Another Evaluation.

Ronan had a follow-up evaluation yesterday.  It has been 6 months since his first evaluation, and the county department wanted to find out if we’d been seeing progress with his speech therapy.

Ronan gets therapy twice a week, which is relatively unheard of, and what they really wanted was to find a reason to bring him down to one session a week.

Ronan had his first evaluation in April of this year.  He was 26 months old.  He had delays across the board, although his speech was definitely the most affected.  At 26 months old, Ronan’s evaluation looked like this:

Gross Motor Skills:  20 months

Fine Motor Skills : 20 months

Self Help Ability: 20 months

Social/Emotional Skills: 24 months

Speech/Communication: 12 months

As you can see, Ronan was more than a year behind in verbal communication.  He has been receiving speech therapy for nearly six months now, with a one month break in services because we moved to a different county.

Yesterday, at 33 months old, his evaluation looked like this:

Gross Motor Skills: 30 months

Fine Motor Skills: Age appropriate (33 months)

Self Help Ability: 30 months

Social/Emotional Skills: 30 months

Speech/Communication: 24 months

The evaluator, when she was giving us this information, seemed very guarded.  She seemed to feel like she was telling us awful news.  And yes, it is sort of awful to hear that your child has such a broad array of delays.

However.

However… we were thrilled.  Ronan went from an 18 month speech deficit to a 12 month deficit in 6 months?  He closed the gap in his delay by 6 whole months.  Sure, he hasn’t caught up yet.  But catching up isn’t what we expect; it’s not the way apraxia works.  What we’ve seen is HUGE progress in a short period of time.

We know that this is going to take a long time.  We know that we have a very long road ahead of us in all areas.  But it feels AMAZING to see how far he has come in such a short time, thanks to Miss Emily, our incredible speech therapist, and the ways she’s helped us teach Ronan to grow.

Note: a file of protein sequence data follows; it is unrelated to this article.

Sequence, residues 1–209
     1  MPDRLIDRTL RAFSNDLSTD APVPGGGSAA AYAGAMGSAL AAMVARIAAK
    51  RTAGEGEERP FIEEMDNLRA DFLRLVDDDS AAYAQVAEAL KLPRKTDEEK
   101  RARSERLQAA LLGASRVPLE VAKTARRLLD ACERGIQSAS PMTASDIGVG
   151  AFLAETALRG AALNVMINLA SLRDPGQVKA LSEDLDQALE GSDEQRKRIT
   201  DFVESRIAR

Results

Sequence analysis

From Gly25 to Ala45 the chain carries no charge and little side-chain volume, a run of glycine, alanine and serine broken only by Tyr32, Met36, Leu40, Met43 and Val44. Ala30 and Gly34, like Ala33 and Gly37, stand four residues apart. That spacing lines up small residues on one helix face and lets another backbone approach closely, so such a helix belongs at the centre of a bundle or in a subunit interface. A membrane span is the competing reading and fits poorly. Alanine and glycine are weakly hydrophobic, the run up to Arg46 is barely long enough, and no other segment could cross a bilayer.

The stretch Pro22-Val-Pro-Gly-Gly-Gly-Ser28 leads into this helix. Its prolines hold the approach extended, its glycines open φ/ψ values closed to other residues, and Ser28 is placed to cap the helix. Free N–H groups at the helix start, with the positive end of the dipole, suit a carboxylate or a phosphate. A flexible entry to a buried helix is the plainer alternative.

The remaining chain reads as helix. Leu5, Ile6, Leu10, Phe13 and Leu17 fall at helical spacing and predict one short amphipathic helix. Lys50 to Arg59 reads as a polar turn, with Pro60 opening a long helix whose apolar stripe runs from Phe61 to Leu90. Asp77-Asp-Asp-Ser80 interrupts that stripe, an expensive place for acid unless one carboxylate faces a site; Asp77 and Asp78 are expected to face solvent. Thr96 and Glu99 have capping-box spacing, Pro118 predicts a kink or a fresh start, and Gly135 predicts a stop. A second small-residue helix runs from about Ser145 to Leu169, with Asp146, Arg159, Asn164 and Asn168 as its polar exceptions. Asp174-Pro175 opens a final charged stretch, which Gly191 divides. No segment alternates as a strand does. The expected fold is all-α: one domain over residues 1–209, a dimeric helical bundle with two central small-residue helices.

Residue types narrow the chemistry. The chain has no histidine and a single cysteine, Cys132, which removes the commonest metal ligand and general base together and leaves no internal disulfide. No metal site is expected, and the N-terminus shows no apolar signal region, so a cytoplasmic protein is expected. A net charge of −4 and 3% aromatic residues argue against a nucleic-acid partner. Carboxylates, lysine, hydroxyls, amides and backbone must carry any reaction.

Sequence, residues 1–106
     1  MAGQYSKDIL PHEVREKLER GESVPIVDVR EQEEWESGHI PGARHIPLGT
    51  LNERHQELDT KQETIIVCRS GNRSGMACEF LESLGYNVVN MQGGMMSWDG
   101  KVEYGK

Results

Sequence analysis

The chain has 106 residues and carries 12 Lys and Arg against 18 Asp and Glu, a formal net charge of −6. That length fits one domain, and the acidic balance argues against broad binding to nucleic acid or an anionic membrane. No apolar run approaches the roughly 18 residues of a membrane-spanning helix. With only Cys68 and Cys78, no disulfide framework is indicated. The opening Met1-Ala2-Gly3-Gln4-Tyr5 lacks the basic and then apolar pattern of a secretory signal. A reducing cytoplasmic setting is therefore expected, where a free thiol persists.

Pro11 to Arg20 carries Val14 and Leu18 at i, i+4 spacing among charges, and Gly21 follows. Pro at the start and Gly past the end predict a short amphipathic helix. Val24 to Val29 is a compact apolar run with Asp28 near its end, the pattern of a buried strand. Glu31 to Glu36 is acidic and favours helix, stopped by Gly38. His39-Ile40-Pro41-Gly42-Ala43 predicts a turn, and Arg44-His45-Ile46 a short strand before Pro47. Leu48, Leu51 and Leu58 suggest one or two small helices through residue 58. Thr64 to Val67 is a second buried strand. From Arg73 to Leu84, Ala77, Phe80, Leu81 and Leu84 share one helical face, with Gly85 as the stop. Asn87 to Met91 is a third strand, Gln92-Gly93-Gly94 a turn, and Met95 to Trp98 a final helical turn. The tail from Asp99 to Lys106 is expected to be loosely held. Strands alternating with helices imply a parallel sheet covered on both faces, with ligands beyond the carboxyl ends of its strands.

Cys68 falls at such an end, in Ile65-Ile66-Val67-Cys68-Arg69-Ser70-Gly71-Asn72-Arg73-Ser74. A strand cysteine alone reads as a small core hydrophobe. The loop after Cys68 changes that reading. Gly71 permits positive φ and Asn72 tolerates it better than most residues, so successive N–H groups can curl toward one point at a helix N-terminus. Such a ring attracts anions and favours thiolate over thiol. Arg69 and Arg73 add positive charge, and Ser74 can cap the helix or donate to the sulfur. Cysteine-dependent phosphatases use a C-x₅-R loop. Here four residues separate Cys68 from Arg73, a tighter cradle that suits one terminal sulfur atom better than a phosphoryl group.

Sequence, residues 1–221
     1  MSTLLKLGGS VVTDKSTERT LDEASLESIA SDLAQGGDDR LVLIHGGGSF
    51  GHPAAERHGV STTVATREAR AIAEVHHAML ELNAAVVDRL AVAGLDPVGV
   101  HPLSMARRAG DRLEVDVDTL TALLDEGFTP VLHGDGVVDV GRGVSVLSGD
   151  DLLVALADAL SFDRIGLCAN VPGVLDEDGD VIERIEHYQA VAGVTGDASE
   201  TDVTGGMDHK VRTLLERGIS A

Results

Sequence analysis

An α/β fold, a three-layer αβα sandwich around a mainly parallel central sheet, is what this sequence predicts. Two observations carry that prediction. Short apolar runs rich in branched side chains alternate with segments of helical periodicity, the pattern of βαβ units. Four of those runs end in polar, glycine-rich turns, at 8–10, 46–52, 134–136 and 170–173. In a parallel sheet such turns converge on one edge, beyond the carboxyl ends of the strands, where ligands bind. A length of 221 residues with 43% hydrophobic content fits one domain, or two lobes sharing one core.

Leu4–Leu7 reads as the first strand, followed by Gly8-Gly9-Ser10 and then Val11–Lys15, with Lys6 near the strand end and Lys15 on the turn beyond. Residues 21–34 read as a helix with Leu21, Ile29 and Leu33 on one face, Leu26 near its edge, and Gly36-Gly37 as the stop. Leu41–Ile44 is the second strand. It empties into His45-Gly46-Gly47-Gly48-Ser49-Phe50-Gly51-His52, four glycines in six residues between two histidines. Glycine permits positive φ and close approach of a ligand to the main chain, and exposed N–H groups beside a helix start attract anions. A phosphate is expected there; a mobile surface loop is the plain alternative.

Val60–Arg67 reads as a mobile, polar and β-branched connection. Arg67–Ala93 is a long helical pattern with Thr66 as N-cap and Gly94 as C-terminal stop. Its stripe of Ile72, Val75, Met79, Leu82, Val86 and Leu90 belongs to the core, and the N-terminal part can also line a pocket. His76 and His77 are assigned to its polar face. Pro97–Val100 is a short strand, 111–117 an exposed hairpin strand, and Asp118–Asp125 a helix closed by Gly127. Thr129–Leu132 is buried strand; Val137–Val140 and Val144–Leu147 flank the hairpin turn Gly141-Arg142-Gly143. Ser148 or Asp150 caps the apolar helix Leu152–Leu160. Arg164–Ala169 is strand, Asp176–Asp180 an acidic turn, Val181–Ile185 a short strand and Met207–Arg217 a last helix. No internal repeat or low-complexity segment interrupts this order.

It’s going to be hard work.  But he is so worth it.  And we are so, so lucky.

Please excuse any and all errors in this post.  It’s late, I’m tired…and I’m not proofreading before bed.  Boom.

 

Facebook Comments
  • hayley

    Yay ronan! He is doing great!

  • Mary

    Yay Ronan! That’s great news! He is such a sweet boy. Alaina asks to play with him all the time 🙂

  • When I was reading this, my first thought was, “Wow, that’s great! Good for Ronan!” I know that even the “little” successes are so huge when your kid has speech troubles. When Simone first started willingly sounding things out, I cried. She’s almost 2 1/2 and still her most complicated communication consists of saying “eat! Pwease! Mom..my.” And I am SO grateful for even that tiny sliver of communication with her.

    You are a great mom.

  • Jason Erin G

    I just barely commented on your tongue tie post, and clicked on your home page to see this. I want to let you know about a diet call GAPS diet by Dr Natasha Campbell McBride. It helps with so so much. It will cure apraxia – basically, learning disabilities, autism, etc. are caused by abnormal gut flora, and the body’s inability to properly digest food. So through this diet, you turn the condition of your child’s gut around (getting lots and lots of good bacteria), and their cognitive problems disappear. I am doing the diet with my family for a few different reasons, and it’s awesome. Anyway, it’s a lot of work, but hey! You’re a mom who’s willing to fly across the country for her baby’s tongue tie. Please look into it! -Erin

    • Wow, thank you for this. I will look in to it! Ronan has been on a modified diet for nearly a year now, it probably wouldn’t be all that difficult for us to modify it a little more. 🙂